The only non-waterbird of note today was a Black-backed Woodpecker that made a quick appearance on the Merlin pole late this morning, otherwise it was pretty much the same in the woods.

Tuesday, October 5, 2010

Same old, same old

For the past few days a big ball of high pressure has been sitting around the Great Lakes which has meant a little bit of "Groundhog Day" syndrome for me up here.  Each day I know exactly what to expect, cool and clear mornings with light bird movement and a late morning warm-up into the high 50s/low 60s with almost no birds and lots of sun.  Its a great recipe for a lengthy afternoon nap, unfortunately for me that's a luxury which I am not afforded.  It sounds crazy but I'm really hoping for some clouds and colder temperatures, at least then I wouldn't be so tempted to close my eyes and go someplace a little more exotic.

Duck numbers remained steadily unimpressive with the big pushes typical for this time of year still not happening due to the current weather patterns.  The most common species however have been right on target with scoters (mostly White-winged), scaup (mostly Greater), and Red-breasted Mergansers leading the daily tallies since Sunday.  Smaller numbers of dabbling ducks continue to pass by with Green-winged Teal, Northern Pintail, and Mallard leading that group and a scattering of other Aythya ducks as well as a few other scoters and the occasional Long-tailed Duck add to the diver numbers.  Loon and grebe numbers have been steady with 20ish Common and a couple Red-throateds seen daily while around 50 or so Red-neckeds have been joined by 10+ Horneds to start the week.

A first of the year showed up on the 4th while a nearly forgotten friend made an appearance this morning. Yesterday was the grand arrival of the fall's Dunlin season when a single bird flew past the point during the afternoon as well as a Sandhill Crane.  Today marked the first jaeger of October when an unidentified bird was noted multiple times during mid-morning.  Few other birds have been around of late with a single American Golden-Plover still hanging around been the most notable.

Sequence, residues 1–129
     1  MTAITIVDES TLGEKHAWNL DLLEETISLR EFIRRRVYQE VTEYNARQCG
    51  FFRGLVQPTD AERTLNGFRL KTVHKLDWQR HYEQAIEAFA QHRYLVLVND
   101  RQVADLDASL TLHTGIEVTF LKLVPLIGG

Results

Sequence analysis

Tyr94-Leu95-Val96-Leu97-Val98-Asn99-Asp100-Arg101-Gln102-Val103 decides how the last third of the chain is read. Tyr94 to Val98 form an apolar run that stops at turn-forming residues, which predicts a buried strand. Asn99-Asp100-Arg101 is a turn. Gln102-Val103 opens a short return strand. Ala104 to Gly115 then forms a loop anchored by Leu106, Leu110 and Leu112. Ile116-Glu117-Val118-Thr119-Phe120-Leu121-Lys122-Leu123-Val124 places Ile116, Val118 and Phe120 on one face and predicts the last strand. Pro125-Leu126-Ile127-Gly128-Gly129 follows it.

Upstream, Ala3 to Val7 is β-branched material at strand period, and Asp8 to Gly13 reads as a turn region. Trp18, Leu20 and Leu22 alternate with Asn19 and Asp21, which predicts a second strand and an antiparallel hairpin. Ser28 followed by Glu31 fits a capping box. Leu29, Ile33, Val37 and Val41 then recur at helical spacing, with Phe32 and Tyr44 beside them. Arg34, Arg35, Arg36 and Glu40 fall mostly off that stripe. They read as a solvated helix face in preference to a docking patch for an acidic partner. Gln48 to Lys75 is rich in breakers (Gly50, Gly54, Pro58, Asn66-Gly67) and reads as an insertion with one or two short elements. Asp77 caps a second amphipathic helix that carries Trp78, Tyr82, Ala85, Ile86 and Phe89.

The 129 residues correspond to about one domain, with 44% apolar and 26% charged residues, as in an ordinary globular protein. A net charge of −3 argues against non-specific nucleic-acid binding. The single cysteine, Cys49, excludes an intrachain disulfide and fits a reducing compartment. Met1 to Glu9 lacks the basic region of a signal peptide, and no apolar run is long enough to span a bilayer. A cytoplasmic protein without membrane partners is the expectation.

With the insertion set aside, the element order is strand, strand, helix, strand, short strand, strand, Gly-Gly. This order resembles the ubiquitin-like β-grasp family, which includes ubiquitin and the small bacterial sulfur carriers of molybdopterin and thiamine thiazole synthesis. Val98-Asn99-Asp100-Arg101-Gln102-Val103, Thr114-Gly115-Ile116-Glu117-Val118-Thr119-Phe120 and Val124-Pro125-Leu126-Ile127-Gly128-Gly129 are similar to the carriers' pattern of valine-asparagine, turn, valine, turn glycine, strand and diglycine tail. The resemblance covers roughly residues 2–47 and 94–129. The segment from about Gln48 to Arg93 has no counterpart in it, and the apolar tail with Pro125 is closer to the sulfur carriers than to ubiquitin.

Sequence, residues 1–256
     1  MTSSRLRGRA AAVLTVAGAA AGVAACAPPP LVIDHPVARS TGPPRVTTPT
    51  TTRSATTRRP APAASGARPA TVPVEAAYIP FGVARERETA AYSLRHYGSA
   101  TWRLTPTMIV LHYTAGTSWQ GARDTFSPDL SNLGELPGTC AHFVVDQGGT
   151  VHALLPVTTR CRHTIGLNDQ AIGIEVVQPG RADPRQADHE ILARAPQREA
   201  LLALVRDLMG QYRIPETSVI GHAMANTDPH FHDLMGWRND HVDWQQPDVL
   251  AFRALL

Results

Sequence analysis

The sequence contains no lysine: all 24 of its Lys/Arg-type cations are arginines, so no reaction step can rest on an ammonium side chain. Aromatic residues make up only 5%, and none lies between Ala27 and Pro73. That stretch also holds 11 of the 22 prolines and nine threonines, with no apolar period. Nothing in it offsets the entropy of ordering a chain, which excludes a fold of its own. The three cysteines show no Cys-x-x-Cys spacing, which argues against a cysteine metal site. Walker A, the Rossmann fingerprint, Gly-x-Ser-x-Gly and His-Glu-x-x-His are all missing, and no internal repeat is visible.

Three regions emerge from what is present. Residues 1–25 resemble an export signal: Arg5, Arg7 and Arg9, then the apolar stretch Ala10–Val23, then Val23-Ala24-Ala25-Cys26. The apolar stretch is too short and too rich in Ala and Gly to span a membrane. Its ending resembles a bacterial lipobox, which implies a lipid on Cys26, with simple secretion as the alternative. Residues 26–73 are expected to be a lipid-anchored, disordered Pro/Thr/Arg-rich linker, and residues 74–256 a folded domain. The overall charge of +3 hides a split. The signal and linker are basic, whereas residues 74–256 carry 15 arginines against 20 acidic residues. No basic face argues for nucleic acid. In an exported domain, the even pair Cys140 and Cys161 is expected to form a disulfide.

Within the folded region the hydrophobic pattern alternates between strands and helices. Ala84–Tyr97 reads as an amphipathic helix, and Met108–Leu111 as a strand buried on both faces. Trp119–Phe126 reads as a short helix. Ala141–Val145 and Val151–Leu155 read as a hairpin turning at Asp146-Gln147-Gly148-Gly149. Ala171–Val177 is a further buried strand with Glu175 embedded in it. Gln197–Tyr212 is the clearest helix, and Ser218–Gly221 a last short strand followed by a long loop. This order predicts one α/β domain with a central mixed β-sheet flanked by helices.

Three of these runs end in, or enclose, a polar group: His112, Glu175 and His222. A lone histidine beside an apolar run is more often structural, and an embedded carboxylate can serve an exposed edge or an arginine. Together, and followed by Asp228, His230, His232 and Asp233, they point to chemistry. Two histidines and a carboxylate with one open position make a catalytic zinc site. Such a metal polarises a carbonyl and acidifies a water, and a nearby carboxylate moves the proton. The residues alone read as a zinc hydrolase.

Landbird numbers have held steady in much the same way as the waterbird numbers with the same grouping of birds still about but with few arrivals or departures.  Of note today was a strong showing by Red-tailed Hawks when at least 15-20 birds used the warmer temperatures to their advantage as they kettled and moved SE along the lake shore during the early afternoon.  Passerines have remained consistent with sparrows and chickadees still being the dominant forest birds while a few other late migrants join them each day.  The most unusual bird for the point seen recently was, drum roll please, a female House Sparrow which was present around the bird feeders yesterday afternoon.  If that doesn't get you out here in a hurry I am at a loss as to what will.

Saturday, October 2, 2010

Start of October

October began yesterday with light to moderate NW winds and continued today with strong N winds and a few spits of frozen precipitation from the sky.  The afternoons continue to be fairly nice with sunny skies helping to thaw out frozen extremities after morning temperatures that are hovering just above freezing.  Tomorrow is predicted to be as cold but with less wind which should make for a more enjoyable experience to those braving the point in the morning.

Diversity continues to be pretty good with yesterday and today showcasing a different group each day.  Yesterday was by far the year's best loon showing with 218 Commons (though only 8 Red-throateds) with a slight continuation of the previous day's grebe show.  Today saw many fewer loons (27 Commons and 3 Red-throateds) but more ducks with scoters (151 White-wingeds, 95 Surfs, and 2 Blacks) leading the way.  Both days have continued to see small numbers of dabblers, mainly American Wigeon and Green-winged Teal, with ever increasing numbers of Aythya ducks which are still mostly Greater Scaup but include a smattering of other species/unidentified birds.  Today was the biggest Long-tailed Duck day to date with 16 while Red-breasted Mergansers continue to pass by in small numbers each day.

Shorebirds have been almost non-existent the past couple days with daily counts of 2 and 6 Sanderlings while yesterday also had 2 American Golden-Plovers and a fly-by Wilson's Snipe.  The most notable bird yesterday was a juvenile Sabine's Gull which worked along the point's shoreline from east to west in the early afternoon.

Strong winds continue to hamper birding in the woods but the suite of cold weather birds (minus the finches and a few later migrants) typical for this time of year are building in numbers each day.  Sparrows continue in the largest numbers with an American Tree Sparrow arriving yesterday along with increasing numbers of Fox Sparrows.  Warblers on the other hand are in ever decreasing numbers with only a handful of Yellow-rumpeds and Palms seen of late.  A Northern Goshawk and a Merlin continue to hunt the flocks of larks, longspurs, and pipits on the point each day.